Home' Australian Pharmacist : Australian Pharmacist Nov 2013 Contents 16 Australian Pharmacist November 2013 I ©Pharmaceutical Society of Australia Ltd.
Their own worst enemy
By Andrew Daniels
The 800 delegates at the 2013 Pharmacy
Australia Congress in Brisbane last
month didn't know what hit them when
keynote speaker, Professor Zubin Austin
from the University of Toronto began
his presentation with: 'what does a
pharmacist use as contraception? Answer
-- his personality!'
Professor Austin's presentation was
titled Why pharmacists are their own
He said that one of the barriers to
pharmacy practice change may well
be pharmacists themselves, not
governments, industry and so on.
'Is it possible that a certain personality
type gravitates to pharmacy? Some
evidence suggests there is a pharmacy
[personality] type,' Professor Austin said.
'If this is true it could influence why
practice change is so slow.
'Medical education does one thing really
well that pharmacy doesn't -- making
decisions. Pharmacists are about
'When we spoke to physicians they
complained that pharmacists wouldn't
give an X or Y answer, just lots and lots
of information. This left the physicians
feeling that pharmacists didn't know the
answer,' he said.
He said that one study found that 65%
of community pharmacists surveyed
were characterised as conflict avoiders
while 65% of family physicians were
characterised as 'forcers'.
Professor Austin referred to a study
which identified five traits that make
practice change hard for pharmacists.
These were: lack of confidence, fear of
new responsibility, paralysis in the face
of ambiguity, a strong need for approval
from others and risk aversion.
He said the problem his research was
trying to solve was that pharmacists are
too risk averse and are passive aggressive.
He epitomised this with the phrase -- 'I
would rather dispense 100 prescriptions
than do one pharmaceutical opinion...
what if I get it wrong?'
In-pharmacy wound care
The need for wound care support in
pharmacies will grow in coming years
because of the aging population and
rapidly increasing rates of diabetes
according to Professor Geoff Sussman.
'Many pharmacists don't believe
that chronic wounds are observed in
community pharmacy. This is incorrect.
The number of people with non-healing
chronic wounds is large and will only
increase because of the ageing community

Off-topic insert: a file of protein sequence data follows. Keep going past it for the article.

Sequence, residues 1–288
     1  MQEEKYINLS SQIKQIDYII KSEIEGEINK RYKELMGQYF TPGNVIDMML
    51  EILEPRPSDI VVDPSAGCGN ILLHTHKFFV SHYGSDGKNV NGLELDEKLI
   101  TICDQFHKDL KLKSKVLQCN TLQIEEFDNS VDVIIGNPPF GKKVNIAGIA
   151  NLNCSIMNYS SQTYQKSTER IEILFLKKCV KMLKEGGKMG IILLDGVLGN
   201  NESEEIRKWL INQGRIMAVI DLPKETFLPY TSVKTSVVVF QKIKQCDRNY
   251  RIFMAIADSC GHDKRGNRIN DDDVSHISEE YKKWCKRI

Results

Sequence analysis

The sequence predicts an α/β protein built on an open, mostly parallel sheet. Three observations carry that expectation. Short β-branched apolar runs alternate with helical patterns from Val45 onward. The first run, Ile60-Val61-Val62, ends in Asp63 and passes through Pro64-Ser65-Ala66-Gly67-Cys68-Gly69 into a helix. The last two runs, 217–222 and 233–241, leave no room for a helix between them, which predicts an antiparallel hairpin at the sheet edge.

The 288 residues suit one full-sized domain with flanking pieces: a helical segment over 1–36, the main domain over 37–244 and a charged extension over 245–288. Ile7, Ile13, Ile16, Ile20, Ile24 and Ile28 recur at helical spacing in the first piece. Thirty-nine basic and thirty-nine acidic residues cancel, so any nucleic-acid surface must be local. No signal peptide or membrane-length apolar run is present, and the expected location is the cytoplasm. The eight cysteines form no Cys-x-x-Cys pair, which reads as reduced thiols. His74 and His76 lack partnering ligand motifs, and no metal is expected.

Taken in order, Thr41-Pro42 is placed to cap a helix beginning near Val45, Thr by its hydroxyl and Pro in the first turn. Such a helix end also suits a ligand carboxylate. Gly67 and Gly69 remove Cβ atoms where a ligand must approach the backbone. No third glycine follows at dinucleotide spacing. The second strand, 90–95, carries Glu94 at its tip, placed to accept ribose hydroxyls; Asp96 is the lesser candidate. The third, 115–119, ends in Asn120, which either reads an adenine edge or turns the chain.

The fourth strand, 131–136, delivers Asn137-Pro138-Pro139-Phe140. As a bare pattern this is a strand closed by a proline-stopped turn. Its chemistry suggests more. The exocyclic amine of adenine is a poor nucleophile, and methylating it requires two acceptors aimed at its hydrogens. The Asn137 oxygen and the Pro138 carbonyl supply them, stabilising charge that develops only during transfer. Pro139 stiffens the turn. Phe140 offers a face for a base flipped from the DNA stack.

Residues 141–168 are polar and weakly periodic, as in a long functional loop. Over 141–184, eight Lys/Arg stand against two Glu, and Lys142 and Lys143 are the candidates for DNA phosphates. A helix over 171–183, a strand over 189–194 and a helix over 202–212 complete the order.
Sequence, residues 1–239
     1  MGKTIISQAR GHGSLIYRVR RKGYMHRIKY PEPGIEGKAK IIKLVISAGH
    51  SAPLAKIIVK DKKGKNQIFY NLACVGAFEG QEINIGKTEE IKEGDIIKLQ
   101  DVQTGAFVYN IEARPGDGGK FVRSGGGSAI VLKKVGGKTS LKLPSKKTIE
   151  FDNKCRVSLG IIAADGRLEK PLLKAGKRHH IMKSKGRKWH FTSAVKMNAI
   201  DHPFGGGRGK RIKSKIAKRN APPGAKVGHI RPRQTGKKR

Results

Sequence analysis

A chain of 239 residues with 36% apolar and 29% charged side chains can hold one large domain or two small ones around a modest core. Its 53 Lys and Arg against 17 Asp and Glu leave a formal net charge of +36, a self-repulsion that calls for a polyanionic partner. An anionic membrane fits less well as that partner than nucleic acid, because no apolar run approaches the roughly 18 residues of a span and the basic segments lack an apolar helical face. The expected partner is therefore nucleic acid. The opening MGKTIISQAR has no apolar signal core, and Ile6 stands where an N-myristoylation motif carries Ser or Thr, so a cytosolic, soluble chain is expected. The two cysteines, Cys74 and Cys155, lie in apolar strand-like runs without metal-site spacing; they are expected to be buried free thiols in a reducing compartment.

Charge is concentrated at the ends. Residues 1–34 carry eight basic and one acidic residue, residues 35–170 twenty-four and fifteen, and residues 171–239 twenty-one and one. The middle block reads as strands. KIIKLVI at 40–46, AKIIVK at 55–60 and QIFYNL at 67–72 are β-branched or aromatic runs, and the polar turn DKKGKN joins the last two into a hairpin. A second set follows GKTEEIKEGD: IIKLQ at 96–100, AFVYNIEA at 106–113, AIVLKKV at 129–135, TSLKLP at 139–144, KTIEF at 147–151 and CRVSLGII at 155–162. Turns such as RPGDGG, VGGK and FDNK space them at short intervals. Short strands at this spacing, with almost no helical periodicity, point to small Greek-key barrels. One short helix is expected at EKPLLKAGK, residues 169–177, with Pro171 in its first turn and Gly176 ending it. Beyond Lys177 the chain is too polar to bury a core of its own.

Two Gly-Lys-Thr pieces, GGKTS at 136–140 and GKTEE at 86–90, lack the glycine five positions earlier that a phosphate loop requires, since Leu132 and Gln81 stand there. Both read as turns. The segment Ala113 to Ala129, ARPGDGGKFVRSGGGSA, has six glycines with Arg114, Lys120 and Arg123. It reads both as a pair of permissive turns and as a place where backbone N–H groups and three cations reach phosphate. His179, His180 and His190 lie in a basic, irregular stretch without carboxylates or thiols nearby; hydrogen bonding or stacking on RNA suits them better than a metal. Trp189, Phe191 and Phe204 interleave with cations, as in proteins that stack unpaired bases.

and the rapid increases in diabetes,'
In his usual animated and rapid fire
delivery Professor Sussman covered a huge
amount of territory from factors affecting
healing to critiquing new wound dressings
and urging pharmacists not to recommend
outdated and inefficient dressings.
Professor Sussman pointed out that
according to the International Diabetes
institute almost one in four Australians
25 years and over has either diabetes or
impaired glucose metabolism. Diabetes is
the world's fastest growing disease.
He also gave participants a simple
diabetes foot risk screening tool to use
with customers with diabetes to assist in
monitoring for, and avoiding the potential
for diabetic foot wound which often leads
to gangrene and ultimately amputations.
He said that factors that intrinsic factors
that affect healing include health status,
immune function, age, body build,
diabetes and nutritional status. Extrinsic
factors include: mechanical stress, debris
[in the wound] temperature, drying/
maceration, infection, chemical stress
and other factors such as smoking and
In conclusion he urged pharmacists to
take steps to ensure they were trained
and knowledgeable about correct and
up-to-date wound management practices
and wound dressings.
Poster and contributed paper
Faiza Islam, Yady Manrique, Julie Cichero,
Lisa Nissen, Jason Stokes, Kathryn Steadman.
Medication Administration in dysphagics:
crushing tablets and mixing with thickened
fluids impairs drug dissolution.
Paper winner: Dr Rashmi Sharma.
Community Pharmacists as teachers of GP
registrars -- A tool to foster mutual respect
and improve health outcomes.
Paper winner: Katie Hayes. Redefining
the role of the pharmacist at Risdon
Paper winner: Dr Julie Stokes. Enhanced
pharmacovigilance to detect adverse event
trends with Fentanyl patches.
PSA thanks the judges and selection
committee for their hard work. Specifically
Dr Andrew Petrie, Dr Jenny Gowan, Dimitra
Tsucalas, Lyn Banner, Grant Martin, Justin
Lee, Bill Kelly, A/Professor Kay Stewart, Greg
Duncan, and Bill Suen.
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